LIVE STREAM At 12:15pm : Thomas Schelling Thinks Through The Thinkable On Iran

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The New America Foundation/American Strategy Program is hosting an event TODAY, Friday April 16 featuring Nobel Laureate in Economics Thomas Schelling.
Here is what the Nobel Prize Committee had to say about Schelling’s work upon awarding him the prize in 2005:

Against the backdrop of the nuclear arms race in the late 1950s, Thomas Schelling’s book The Strategy of Conflict set forth his vision of game theory as a unifying framework for the social sciences. Schelling showed that a party can strengthen its position by overtly worsening its own options, that the capability to retaliate can be more useful than the ability to resist an attack, and that uncertain retaliation is more credible and more efficient than certain retaliation. These insights have proven to be of great relevance for conflict resolution and efforts to avoid war.
Schelling’s work prompted new developments in game theory and accelerated its use and application throughout the social sciences. Notably, his analysis of strategic commitments has explained a wide range of phenomena, from the competitive strategies of firms to the delegation of political decision power.

Schelling will address a variety of questions related to Iran’s nuclear program and its possible implications for American strategy.
TWN Publisher Steve Clemons will moderate the event and New America Foundation/Nuclear Strategy and Nonproliferation Initiative Jeffrey Lewis will offer remarks as well.
This event will STREAM LIVE here at The Washington Note.
— Ben Katcher

Comments

5 comments on “LIVE STREAM At 12:15pm : Thomas Schelling Thinks Through The Thinkable On Iran

  1. Jerry says:

    Irresoluteness has been the problem not nuclear blackmail.
    Neither the Palestinians nor Israel can exist without outside support, and the outside supporters have agreed to a Two State Solution.
    The point has been reached where what the Palestinians or the Isralies demand is no longer determinative.
    One way or another the ‘World’
    wants this problem solved; there is no other option but constructive engagement for the Palestinians or Israelies if they have any hope of maximizing their self-interests.
    It is a question of standing up or being stood up.

    Reply

  2. Mr.Murder says:

    Unbalanced deterrent capability is what we presently see employed. The strategic result is an untenable policy re: the I/P problem.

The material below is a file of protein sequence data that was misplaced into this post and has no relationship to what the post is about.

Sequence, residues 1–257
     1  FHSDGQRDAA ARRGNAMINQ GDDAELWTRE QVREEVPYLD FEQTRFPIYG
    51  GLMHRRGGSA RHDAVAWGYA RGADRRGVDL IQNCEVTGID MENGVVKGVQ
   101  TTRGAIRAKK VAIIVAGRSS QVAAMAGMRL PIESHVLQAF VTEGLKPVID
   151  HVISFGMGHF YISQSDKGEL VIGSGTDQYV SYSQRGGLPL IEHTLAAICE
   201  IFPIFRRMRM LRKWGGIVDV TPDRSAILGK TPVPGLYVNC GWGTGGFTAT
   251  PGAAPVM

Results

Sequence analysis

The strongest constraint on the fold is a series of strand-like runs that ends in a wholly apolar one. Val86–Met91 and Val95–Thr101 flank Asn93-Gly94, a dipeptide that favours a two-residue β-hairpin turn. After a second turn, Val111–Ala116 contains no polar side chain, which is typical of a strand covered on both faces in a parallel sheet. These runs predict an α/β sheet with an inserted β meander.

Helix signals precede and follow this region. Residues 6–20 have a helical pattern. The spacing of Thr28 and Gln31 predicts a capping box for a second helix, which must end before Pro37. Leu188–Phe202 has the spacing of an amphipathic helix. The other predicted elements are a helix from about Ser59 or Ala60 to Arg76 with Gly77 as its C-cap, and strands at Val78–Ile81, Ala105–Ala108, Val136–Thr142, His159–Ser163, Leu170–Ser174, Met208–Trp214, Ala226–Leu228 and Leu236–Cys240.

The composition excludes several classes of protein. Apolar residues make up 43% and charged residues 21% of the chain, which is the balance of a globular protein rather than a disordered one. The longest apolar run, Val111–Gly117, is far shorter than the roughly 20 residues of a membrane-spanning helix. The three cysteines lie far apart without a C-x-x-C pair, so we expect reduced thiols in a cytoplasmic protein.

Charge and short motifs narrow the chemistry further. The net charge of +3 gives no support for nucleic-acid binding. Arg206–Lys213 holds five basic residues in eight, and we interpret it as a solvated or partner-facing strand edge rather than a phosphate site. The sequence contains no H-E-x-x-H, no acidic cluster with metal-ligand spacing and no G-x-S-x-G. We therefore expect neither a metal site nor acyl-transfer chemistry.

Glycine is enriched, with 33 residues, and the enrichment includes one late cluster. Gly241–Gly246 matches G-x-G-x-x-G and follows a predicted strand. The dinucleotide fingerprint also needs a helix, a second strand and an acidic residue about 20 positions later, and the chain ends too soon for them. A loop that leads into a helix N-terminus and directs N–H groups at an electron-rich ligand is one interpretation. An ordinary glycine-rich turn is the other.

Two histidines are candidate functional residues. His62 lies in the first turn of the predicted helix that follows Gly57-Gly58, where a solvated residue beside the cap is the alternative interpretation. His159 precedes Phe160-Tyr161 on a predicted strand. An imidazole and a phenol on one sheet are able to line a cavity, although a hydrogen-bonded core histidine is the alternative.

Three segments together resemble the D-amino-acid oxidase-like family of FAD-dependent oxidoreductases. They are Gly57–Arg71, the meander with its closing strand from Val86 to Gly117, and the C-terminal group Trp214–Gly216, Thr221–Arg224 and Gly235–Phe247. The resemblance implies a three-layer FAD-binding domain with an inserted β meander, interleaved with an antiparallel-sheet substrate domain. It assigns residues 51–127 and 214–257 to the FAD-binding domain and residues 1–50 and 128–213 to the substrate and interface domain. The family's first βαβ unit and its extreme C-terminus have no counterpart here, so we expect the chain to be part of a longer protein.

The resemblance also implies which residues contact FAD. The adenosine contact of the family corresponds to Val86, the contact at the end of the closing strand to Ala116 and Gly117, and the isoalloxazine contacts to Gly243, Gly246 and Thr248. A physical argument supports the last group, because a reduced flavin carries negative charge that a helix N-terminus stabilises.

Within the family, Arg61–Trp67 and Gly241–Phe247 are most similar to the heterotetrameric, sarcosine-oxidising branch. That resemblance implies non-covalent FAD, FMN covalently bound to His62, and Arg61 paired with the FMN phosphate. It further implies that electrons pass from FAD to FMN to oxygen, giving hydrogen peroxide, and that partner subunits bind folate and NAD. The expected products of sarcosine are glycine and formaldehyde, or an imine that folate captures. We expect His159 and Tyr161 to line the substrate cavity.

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  3. erichwwk says:

    I remain puzzled about the lack of interest in nuclear weapons, especially in regard to how “the mushroom cloud” fear mongering has been used to justify secrecy and political power.
    As one who finds the issue of an Iranian nuclear weapon rather trivial re. to what the bomb does to essentially enslave the domestic population of the U.S., I find it refreshing that someone involved in nuclear weapons from a very early point has an opportunity to speak before an audience of policy wonks. Kudos to the NAF and Steve Clemons for hosting this discussion by Thomas Schelling! Pretty articulate and observant for someone that just turned ninety.
    Makes one wonder if the Obama administration is not continuing the Bush policy of frightening the public into continuing military budget escalation, merely repacking Saddam as alQaeda.
    A glimmer of hope. Even Glenn Beck seems to be able to shed old thinking, and question current U.S. military spending:
    http://www.youtube.com/watch?v=3vv-yzFL190&feature=player_embedded#!
    Anything to give legitimacy to the unitary executive.

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  4. Yousaf says:

    Interesting that Shelling came out unequivocally against missile defense.

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  5. questions says:

    First off, many many thanks for this one! What an interesting set of issues to puzzle through. Now for some fun….
    Poor poor Thomas Schelling! (snark) The Israelis have clearly taken over because the man thinks that Iran is serious about a bomb. And the man thinks Israelis think seriously about their own use of nukes super super carefully. Clearly (snark) a hasbarite! And he doesn’t seem to be overly concerned with Israeli nukes or think that they are causing an arms race or that they are most likely causing Iran to want nukes. Clearly the guy’s worried about losing his academic job if he criticizes Israel! (end snark here.)
    I think his analysis needs to be taken seriously by all those who have freaked about Israeli nukes, and those who are freaking about Iranian nukes. There’s a lot to piece together here. It certainly is swaying my view of Iran.
    I think perhaps the most interesting point he made is that the international culture of standards and policy discussion among experts is utterly crucial. That the US didn’t think about securing weapons as THE central issue for so long, that we don’t know how much Iranians think about this stuff is of great concern.
    More open societies, more open dialogue, more conferences and more e-mails — clearly this is the goal. If we reassure one another that we’re not about to bomb one another, if we signal and we have some inside knowledge, we do better. When we demonize and cut each other off, we do worse.
    His sense of the taboo is really something, and his sense of nukes more as a bargaining chip than as actual tools of mass destruction is also really interesting.
    Many things to think about, and again, many thanks for arranging this and streaming it! I would hope for many more events of this caliber as you can set them up!

    Reply

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